I agree that it's probably intentional, but that doesn't mean I have to like it and that it isn't an inefficient use of resources. It's gear that 99% of players won't touch for more than thirty minutes due to how plentiful, cheap and easily available the next tier of equipment is, and it's a problem that continues into Oblivion and Skyrim. Medium Armor's endgame woes are somewhat overstated if you go from a purely powergaming perspective, since the Ebony Mail is available as an option for Medium Armor characters and it's easily the strongest cuirass in the game, making up for the problems with the rest of Medium Armor. The issue, of course, is that it's locked behind the Tribunal Temple questline which is relatively niche compared to the Great Houses or Imperial Guilds. I also agree that Morrowind's itemization of common sets with unique items/artifacts sprinkled in is incredible, and I wish that more games followed suit. It makes the world feel more "real".

The economy issues are largely fixed by MWSE Harder Barter, as I will stress to anyone willing to listen.

Some of the issues with progression could be fixed with a rebalance and reorganization of the armor types, although it's hard to work purely with what's on offer in vanilla Morrowind since there are unfinished/partial sets and you sometimes need to fill in the gaps with mods. There are also armor sets which sort of ignore the established in-universe logic of how the different armors are arranged, questions about what things are actually made of, etc. If you wanted to logically breakdown what sets belong where (including those from expansions, and for the sake of examples some materials from other TES games) and how they should be categorized, I'd suggest:

Light: Furs, Leathers, Chitinous material, supernaturally light chain and plate. This therefore would include Nordic Fur & Bearskin, Wolf, Bear, Netch Leather, Imperial Newtscale Chitin, Dreugh, Mithril, Glass.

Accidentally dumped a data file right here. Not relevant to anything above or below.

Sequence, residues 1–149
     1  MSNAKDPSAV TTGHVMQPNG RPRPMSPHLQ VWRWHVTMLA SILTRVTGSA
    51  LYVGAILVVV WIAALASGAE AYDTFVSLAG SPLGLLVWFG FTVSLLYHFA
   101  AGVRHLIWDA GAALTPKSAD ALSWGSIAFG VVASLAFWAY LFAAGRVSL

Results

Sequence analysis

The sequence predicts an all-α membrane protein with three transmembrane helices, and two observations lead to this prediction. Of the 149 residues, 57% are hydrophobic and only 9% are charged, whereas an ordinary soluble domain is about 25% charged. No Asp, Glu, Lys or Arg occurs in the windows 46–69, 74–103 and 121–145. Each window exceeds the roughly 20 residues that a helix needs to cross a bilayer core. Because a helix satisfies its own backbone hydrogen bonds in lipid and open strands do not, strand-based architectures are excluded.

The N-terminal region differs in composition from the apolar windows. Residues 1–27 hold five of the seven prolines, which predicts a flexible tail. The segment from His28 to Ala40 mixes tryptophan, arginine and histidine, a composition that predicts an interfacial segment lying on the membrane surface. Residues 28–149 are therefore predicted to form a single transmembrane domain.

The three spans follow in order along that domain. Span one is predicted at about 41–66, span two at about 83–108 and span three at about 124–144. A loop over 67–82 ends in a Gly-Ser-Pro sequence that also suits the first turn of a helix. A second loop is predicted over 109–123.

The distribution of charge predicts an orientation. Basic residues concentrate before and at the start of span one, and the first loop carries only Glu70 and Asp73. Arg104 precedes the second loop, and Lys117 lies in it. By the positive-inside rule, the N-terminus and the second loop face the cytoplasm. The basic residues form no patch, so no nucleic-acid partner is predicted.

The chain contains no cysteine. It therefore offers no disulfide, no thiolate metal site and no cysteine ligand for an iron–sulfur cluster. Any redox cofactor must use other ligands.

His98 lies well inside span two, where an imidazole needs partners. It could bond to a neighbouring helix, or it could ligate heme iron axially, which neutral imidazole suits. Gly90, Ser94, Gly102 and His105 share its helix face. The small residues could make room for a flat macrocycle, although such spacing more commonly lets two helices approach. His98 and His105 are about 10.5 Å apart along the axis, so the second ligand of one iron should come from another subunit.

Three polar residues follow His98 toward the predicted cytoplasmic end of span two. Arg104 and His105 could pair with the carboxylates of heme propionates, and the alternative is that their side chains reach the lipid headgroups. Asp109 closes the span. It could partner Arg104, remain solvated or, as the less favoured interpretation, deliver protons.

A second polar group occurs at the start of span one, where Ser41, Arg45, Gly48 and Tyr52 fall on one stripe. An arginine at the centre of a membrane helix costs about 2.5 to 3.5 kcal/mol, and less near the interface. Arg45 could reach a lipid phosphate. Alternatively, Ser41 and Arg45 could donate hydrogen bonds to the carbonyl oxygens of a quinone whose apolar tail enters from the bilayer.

Medium: Chainmail, Bone, supernatural scales, supernaturally light plate. This therefore would include Nordic Ringmail, Imperial Chain, Bonemold of all styles, Nordic Trollbone, Dragonscale, Indoril, Adamantium. I'd also include more basic Steel Chain and probably Ebony Chain styles to plug in gaps. I'm assuming that Indoril armour is just the ceremonial resin over the top of Ebony Chain (explaining its strength and price) but we don't actually know. Adamantium is constructed as western-style plate armor, but is light enough to be considered Medium.
Heavy: This is the easy part since it's just plate armor. Iron, Nordic Iron, Steel, Imperial Steel/Templar/Silver, Orcish, Dwarven, Ebony, Daedric. I never bought that Orcish armour is somehow Medium despite being Steel, unless the implication is that it's Medium on account of being worn over padded cloth instead of alongside a mail hauberk. Just say that it's Steel crafted to a higher standard. Dwarven materials are clearly supernatural in some way, and are said to be supernaturally durable in several sources, so have those be a cut above anything you can purchase in stores or that a normal person could request be crafted. Ebony is God's blood, Daedric is that with extra bits.

You probably need to overhaul the effectiveness of each armor type too, since 50 AR for Glass is way too high. Something like;

Fur (5 AR) -> Netch Leather -> (8 AR) -> Chitin (12 AR) -> Dreugh (18 AR) -> Glass (25 AR)
Imperial Chain (15 AR) -> Bonemold (20 AR) -> Dragonscale (25 AR) -> Indoril (35 AR) -> Adamantium (40 AR)
Iron (20 AR) -> Steel (25 AR) -> Orcish (30 AR) -> Dwarven (40 AR) -> Ebony (60 AR) -> Daedric (80 AR)

Fill in gaps as you please, etc. etc. Honestly if it were up to me, TES6 would have an armor system similar to Kingdom Come: Deliverance and so at least when it comes to chain and plate, all material would be represented and you'd be able to mix and match as required, and whether you're wearing heavy armour or not would be determined by the overall weight of your outfit possibly according to your character's Strength, too. Wearing a ceremonial steel breastplate over fine clothes isn't heavier than being clad in chainmail head-to-toe, but with the way TES categorizations work, it apparently is.